Embracing Change

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Local innovators remind us how critical change can be when it comes to keeping Jewish life relevant and meaningful.

Innovation is not a new concept in the Jewish world, but sometimes we need to be reminded about how critical creative change can be to help keep Jewish life relevant and meaningful.
 
This week, several local Jewish organizations were recognized beyond the borders of Philadelphia for their innovative spirit. These groups — all operating in very different spaces and serving very different needs — should be commended for their initiatives and honored for providing important models for how to navigate both continuity and change.
 
Jewish Learning Venture, JCHAI, Challah for Hunger, Jewish Renaissance Project at Penn Hillel, Moving Traditions and Ritualwell are all Philadelphia-based groups that were cited this week by Slingshot, a national entity that exists solely to call attention to innovation in the Jewish world. Three other groups that made the national list of 82 organizations — InterfaithFamily, Hazon and Moishe House — also have local affiliates.
 
Our history is replete with pivotal chapters of innovation — when adaptation saved us from likely extinction. Consider, for example, the evolution of rabbinic Judaism, without which the Jewish people would not have survived the post-Temple period, when our ancestors were exiled from the land of Israel.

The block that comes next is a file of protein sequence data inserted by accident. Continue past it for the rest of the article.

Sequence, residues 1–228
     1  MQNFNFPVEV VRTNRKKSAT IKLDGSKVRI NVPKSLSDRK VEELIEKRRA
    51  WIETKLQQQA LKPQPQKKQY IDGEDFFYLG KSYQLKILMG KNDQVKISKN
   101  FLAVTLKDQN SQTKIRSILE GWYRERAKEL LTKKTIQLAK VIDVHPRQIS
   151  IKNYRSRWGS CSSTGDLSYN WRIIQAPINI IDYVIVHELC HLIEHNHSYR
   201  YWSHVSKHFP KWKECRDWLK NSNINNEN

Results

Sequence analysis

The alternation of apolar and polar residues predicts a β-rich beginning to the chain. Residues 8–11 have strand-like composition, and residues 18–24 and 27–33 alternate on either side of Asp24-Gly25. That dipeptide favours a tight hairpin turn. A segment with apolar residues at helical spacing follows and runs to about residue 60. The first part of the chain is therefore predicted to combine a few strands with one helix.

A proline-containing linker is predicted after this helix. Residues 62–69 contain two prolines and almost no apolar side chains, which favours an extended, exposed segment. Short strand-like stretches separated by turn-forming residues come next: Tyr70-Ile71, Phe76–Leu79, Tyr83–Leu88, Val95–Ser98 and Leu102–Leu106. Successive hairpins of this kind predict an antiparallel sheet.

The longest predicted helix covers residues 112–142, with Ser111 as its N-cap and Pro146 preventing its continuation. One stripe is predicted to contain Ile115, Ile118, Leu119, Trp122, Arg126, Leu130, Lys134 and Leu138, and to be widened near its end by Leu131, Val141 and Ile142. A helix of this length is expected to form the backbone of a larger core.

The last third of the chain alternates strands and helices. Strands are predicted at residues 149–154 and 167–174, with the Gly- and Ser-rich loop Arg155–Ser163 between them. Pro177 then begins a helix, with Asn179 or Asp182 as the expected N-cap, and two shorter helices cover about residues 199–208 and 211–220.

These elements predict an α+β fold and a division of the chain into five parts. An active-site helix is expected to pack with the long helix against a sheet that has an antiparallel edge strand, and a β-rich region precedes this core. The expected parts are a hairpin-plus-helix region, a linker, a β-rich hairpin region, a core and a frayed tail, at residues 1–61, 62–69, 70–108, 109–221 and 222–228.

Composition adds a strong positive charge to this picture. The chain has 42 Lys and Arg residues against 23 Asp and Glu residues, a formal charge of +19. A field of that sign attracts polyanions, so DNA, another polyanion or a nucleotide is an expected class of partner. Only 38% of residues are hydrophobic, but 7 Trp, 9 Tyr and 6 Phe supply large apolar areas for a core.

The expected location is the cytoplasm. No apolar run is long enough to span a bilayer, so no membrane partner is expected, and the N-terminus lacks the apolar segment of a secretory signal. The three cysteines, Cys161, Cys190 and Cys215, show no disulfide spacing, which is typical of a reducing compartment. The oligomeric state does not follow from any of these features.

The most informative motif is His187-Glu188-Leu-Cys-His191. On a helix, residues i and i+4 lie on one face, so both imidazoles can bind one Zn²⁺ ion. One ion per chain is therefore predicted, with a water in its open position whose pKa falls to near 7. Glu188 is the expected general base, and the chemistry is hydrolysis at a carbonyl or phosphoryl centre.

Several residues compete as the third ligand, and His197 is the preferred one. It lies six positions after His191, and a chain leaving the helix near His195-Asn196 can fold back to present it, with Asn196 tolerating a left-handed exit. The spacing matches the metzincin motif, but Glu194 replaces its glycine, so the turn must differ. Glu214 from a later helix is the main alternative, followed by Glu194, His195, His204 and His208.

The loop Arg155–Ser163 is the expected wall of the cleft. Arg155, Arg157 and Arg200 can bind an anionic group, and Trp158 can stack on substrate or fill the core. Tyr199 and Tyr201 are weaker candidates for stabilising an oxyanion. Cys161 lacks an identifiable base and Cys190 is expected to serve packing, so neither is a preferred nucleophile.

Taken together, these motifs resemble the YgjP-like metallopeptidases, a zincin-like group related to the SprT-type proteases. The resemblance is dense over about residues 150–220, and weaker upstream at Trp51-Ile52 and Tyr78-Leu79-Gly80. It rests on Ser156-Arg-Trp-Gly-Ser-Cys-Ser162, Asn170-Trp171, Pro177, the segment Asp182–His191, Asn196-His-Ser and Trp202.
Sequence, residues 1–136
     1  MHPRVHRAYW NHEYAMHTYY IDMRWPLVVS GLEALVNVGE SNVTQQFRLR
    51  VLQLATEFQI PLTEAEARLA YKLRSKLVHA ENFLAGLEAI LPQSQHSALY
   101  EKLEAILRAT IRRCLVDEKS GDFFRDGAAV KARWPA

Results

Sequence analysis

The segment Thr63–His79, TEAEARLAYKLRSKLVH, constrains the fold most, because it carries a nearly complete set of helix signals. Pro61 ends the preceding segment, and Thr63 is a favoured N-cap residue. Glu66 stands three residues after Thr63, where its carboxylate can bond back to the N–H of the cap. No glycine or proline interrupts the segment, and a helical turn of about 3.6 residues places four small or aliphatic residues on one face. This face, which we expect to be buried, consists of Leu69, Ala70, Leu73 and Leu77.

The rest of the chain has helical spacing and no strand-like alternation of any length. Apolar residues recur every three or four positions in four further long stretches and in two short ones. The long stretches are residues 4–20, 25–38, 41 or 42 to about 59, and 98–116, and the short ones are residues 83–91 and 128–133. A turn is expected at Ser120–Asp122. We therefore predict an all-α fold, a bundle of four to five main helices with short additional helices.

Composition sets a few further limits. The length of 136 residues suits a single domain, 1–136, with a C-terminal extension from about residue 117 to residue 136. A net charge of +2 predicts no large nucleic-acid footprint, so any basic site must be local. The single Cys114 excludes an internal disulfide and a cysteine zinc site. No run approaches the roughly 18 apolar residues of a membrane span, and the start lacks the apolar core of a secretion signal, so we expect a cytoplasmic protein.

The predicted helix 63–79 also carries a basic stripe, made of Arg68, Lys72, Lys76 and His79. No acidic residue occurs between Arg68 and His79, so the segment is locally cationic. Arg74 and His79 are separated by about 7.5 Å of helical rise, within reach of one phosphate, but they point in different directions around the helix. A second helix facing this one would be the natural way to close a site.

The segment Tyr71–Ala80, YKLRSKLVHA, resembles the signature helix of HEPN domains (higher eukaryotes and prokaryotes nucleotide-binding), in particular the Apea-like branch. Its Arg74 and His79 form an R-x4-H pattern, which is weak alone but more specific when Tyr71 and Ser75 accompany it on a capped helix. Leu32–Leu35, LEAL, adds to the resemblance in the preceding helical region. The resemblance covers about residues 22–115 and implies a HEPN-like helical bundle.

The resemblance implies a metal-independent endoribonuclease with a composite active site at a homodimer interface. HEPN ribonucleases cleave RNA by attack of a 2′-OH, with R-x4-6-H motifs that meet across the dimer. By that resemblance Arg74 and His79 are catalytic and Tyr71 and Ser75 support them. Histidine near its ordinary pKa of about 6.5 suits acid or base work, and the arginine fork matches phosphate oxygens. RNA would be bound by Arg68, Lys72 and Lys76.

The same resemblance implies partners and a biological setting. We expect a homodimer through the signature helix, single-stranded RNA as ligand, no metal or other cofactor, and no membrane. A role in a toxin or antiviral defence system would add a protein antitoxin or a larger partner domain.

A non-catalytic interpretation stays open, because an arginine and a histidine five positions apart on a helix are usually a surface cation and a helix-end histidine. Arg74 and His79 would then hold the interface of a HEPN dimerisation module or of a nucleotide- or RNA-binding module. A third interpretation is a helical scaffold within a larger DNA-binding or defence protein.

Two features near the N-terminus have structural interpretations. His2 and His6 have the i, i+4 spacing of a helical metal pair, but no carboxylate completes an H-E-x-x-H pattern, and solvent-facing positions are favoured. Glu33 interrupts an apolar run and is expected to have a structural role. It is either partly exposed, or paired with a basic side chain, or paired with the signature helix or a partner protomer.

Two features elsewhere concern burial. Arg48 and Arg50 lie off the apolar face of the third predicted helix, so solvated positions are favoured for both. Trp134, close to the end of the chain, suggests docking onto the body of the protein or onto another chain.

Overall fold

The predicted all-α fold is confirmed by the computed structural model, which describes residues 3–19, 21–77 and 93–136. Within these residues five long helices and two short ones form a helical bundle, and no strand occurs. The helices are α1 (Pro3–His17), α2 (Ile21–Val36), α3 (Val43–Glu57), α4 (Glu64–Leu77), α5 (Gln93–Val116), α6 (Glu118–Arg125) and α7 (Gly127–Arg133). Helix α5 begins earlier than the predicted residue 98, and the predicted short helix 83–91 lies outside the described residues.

As the leaders of Slingshot note in the introduction to this year’s guide: “Innovation has not emerged as a counterpart
 to ‘traditional’ Jewish life, but rather as a path forward for every organization seeking to remain relevant in a changing Jewish community.”
 
Change has not always come easy to Philadelphia Jewry. The proud birthplace of many esteemed Jewish institutions, it has not been viewed from afar as “a hotbed of Jewish innovation” but rather a place of “strong, established, old-time organizations,” says Julie Finkelstein, a Bala Cynwyd native who is the associate director of Slingshot. 
 
But, she notes, that is changing, with a renewed interest in “really bringing fresh energy into Jewish life in Philadelphia.” Indeed, the organizations recognized by Slingshot are not the only ones looking at their mission and their means of attaining it with fresh eyes. Consider, for example, Tribe12, whose entrepreneurial fellowship program acts as an incubator for new ideas.    
 
That’s not to say that everything new is good, and everything old is not. Jewish tradition and ritual need not be sacrificed as we develop new ways to make them meaningful for millennials.
 
Likewise, we don’t have to ignore baby boomers and seniors, the stalwart supporters and participants in many of our central communal institutions, in our quest to attract younger patrons and participants.
 
However we seek to innovate, we should keep Finkelstein’s words in mind: “If you’re doing the same thing you were doing 10 years ago today, you’re not likely to remain relevant.” 

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